Electric shocks to the brain took away the cravings of two patients with binge eating disorder for at least six months, a small study said.
The two patients were fitted with a brain implant to zap the part of the brain linked to cravings.
They told The New York Times that after the surgery they made better choices about food without even thinking about it.
The technique needs to be tested on more patients to check whether it works for sure. But it could offer hope for millions of people who struggle with binge eating.
No longer a 'craving person'
The study, published in the peer-reviewed journal Nature Medicine in August, was mainly meant to test whether the device was safe to use.
But the effect on the subjects of the study was "really impressive and exciting," said study senior author Casey Halpern, an associate professor of neurosurgery at Penn Medicine, in a press release accompanying the study.
The two patients – Robyn Baldwin, 58, and Lena Tolly, 48 – said that they had fewer binging episodes. And the implant seems to have changed their habits for the better, per The Times.
Baldwin, for instance, said she'd gotten used to swinging by a Ben & Jerry's on her way to the pharmacy. But after the device was activated, she said: "I could go into the pharmacy and not even think about ice cream".
The implant seems even to have tweaked the women's food preferences.
Baldwin said she used to crave sweet foods but now preferred savory ones. Tolly would sometimes find herself eating peanut butter straight from the jar. Now she doesn't crave it, The Times reported.
"It's not like I don't think about food at all," Baldwin said. "But I'm no longer a craving person."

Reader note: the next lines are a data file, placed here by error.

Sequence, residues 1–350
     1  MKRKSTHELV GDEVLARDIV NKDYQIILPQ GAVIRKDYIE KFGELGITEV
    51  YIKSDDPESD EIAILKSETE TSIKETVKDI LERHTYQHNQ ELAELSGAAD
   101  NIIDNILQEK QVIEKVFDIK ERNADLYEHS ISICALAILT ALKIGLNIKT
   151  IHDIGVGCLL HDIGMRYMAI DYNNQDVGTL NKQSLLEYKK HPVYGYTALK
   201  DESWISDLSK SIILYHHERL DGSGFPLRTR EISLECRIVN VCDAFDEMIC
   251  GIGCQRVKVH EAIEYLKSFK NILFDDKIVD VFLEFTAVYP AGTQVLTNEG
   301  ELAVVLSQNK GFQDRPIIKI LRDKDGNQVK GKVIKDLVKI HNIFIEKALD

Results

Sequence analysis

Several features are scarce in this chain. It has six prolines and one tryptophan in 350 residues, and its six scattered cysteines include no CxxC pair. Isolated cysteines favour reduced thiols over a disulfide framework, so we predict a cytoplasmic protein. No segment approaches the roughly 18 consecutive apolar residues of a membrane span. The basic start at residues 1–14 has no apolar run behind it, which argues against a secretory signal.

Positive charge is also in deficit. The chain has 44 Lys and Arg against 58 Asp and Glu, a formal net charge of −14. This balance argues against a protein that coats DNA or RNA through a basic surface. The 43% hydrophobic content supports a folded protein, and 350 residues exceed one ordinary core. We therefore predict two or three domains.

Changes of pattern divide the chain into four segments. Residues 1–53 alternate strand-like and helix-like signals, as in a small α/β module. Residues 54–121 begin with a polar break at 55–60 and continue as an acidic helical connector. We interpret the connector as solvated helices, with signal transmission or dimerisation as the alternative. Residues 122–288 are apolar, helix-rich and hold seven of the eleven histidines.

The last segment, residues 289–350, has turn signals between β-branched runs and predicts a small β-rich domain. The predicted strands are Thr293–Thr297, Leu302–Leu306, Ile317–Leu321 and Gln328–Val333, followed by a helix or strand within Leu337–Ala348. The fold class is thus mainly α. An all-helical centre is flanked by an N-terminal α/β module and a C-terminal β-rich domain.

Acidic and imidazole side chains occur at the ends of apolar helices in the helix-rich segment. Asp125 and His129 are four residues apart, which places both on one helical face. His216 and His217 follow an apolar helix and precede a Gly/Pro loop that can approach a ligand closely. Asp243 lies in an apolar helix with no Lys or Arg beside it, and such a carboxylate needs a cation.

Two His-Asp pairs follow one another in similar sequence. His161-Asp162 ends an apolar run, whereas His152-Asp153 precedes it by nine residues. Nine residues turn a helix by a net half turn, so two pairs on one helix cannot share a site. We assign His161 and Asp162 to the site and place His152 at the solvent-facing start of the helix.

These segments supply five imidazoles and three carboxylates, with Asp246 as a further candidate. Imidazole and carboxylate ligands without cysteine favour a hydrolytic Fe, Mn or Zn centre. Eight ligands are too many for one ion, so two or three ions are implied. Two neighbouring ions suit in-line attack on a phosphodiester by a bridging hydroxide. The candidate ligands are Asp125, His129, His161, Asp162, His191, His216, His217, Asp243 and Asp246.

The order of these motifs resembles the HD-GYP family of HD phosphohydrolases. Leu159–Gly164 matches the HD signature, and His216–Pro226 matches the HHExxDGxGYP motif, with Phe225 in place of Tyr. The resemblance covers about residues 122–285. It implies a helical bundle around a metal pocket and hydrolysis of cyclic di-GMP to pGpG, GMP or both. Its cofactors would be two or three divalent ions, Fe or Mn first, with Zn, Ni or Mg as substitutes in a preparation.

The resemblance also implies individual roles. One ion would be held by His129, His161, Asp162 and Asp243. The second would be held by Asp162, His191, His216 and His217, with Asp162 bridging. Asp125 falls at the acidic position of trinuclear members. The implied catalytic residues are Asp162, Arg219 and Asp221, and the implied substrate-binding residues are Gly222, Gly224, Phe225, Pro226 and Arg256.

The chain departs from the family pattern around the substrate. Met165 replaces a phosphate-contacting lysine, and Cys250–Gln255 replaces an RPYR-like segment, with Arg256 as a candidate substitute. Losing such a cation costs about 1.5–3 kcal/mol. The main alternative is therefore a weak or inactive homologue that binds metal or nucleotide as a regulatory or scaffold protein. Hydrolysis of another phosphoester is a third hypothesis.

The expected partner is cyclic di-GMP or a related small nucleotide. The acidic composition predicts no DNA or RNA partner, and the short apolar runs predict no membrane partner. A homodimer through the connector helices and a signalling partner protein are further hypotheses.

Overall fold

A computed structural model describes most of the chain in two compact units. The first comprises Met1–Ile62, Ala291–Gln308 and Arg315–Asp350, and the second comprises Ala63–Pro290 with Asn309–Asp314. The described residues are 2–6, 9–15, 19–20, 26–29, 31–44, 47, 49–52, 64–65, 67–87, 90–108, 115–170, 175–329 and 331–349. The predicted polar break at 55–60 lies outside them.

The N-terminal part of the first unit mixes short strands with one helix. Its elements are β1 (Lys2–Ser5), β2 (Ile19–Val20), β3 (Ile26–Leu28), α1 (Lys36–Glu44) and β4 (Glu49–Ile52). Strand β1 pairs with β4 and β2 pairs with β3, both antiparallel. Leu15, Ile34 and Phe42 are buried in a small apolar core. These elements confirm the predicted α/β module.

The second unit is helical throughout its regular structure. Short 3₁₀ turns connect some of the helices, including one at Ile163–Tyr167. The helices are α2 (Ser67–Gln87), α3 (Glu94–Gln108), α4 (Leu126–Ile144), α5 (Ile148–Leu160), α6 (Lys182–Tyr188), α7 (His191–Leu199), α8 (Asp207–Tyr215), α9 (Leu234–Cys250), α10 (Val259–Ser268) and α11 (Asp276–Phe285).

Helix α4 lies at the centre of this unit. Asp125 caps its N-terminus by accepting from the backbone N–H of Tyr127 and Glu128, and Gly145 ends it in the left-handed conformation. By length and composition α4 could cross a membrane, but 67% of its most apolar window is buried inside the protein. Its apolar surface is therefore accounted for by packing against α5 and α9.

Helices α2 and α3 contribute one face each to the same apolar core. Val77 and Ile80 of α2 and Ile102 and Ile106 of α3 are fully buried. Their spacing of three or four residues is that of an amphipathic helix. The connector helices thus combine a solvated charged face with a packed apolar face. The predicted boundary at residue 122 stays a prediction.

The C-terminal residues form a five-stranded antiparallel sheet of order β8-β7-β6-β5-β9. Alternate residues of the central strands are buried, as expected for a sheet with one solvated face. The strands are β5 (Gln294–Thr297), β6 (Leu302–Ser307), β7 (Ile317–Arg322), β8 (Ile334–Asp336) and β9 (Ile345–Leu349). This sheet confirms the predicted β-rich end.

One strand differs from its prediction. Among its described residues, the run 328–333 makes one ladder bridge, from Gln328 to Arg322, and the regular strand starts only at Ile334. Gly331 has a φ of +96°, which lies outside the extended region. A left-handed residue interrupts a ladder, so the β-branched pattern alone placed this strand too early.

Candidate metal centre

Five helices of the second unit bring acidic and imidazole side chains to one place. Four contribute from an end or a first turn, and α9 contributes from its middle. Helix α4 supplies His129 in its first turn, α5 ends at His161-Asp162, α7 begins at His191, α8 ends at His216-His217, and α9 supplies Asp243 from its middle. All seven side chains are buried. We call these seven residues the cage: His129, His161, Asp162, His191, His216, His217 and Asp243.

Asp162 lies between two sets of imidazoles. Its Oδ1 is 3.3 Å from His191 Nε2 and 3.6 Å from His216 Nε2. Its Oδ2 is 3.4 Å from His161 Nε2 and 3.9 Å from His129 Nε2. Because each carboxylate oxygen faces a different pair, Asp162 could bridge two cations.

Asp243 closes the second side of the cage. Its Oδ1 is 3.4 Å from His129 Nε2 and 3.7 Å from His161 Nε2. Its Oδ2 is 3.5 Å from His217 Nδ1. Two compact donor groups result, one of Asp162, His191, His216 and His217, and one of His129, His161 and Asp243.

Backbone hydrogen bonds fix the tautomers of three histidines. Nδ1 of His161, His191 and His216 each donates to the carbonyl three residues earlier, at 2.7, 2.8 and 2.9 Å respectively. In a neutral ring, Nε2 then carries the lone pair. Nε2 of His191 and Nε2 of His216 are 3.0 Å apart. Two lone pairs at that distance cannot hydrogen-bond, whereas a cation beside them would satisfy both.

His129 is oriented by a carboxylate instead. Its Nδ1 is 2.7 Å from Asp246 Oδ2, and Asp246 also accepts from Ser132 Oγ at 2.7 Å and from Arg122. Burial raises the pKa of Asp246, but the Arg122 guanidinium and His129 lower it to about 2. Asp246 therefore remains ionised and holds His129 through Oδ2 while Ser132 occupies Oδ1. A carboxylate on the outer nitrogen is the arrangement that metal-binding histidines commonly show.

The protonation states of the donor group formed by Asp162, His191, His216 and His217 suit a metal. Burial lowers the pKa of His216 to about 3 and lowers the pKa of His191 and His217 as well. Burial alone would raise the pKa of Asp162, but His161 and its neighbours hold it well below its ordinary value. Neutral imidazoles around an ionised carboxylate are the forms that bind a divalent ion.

Obesity needs innovative treatments
Both women, who have obesity, said that they had tried many ways to fight their weight gain before.
Both had tried extreme dieting and had surgery on their gut, a procedure called bariatric surgery, per The Times. But the weight kept coming back.
This is not uncommon for people with obesity. Research suggests that obesity is a disease that makes it very difficult for patients to keep the pounds off.
A growing body of research is trying to find treatments that don't rely on willpower.
The idea of targeting brain waves to fight cravings has been appealing, so much so that Elon Musk recently said his Neuralink brain implant could one day fight morbid obesity.
Previous research suggested that a tiny region of the brain, the hypothalamus, sends out brainwaves before someone feels a craving.
The implant used in the study learned to recognize those brainwaves and zap that region with electricity to scramble them, which seemed to cut the cravings short.
The study followed the patients for six months. No serious side effects were reported but the patient each lost more than 11 pounds, per the press release.
One of the patients no longer fits the criteria of having a binge-eating disorder, per the release.
More research is needed
You won't be able to find this implant at your doctor's office. With just two patients, the scientists can't prove for sure that it was the implant causing the weight loss.
It's possible, for instance, that there is a placebo effect from the surgery or that the effect wears off over time.
To make sure this isn't the case, the researchers will look to do a much larger study. These typically recruit hundreds of patients and have built-in procedures to test for the placebo effect.
For now, the study is due to keep following Tolly and Baldwin for six months and to recruit another four patients.
This article was originally published by Business Insider.More from Business Insider: